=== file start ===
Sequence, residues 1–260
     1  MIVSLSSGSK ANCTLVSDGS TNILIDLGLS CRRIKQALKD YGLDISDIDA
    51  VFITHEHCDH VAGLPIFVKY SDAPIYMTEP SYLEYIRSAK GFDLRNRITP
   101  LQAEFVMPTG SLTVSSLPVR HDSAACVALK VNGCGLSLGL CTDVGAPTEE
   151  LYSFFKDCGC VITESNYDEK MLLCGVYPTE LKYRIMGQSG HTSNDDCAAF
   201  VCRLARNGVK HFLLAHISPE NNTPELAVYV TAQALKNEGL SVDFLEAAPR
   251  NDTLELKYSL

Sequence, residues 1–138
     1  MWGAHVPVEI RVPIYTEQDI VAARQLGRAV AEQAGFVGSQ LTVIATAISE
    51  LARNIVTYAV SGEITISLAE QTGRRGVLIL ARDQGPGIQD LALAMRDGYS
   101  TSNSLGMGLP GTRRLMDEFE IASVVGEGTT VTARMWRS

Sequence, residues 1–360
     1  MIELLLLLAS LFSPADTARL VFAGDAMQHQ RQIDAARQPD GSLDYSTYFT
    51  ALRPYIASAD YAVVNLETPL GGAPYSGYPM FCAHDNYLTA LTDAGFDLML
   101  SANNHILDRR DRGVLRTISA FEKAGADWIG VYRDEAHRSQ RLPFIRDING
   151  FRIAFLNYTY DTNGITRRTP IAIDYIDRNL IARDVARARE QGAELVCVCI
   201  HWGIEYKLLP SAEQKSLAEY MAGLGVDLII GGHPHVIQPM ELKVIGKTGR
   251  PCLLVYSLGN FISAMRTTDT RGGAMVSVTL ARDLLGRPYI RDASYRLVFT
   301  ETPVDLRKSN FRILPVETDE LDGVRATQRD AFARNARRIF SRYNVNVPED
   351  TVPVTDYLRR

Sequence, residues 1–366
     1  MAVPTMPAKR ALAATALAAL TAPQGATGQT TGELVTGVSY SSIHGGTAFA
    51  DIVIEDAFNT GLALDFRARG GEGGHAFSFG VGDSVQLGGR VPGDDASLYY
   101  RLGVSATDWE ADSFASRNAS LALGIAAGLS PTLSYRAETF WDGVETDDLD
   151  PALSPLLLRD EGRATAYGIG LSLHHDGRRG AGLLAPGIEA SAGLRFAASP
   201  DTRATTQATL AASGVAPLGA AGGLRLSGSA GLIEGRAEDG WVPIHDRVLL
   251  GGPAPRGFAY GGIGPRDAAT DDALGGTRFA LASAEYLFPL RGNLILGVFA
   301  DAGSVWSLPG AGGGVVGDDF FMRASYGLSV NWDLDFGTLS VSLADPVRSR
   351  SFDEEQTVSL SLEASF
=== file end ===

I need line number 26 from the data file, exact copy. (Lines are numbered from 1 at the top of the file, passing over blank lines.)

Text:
   201  DTRATTQATL AASGVAPLGA AGGLRLSGSA GLIEGRAEDG WVPIHDRVLL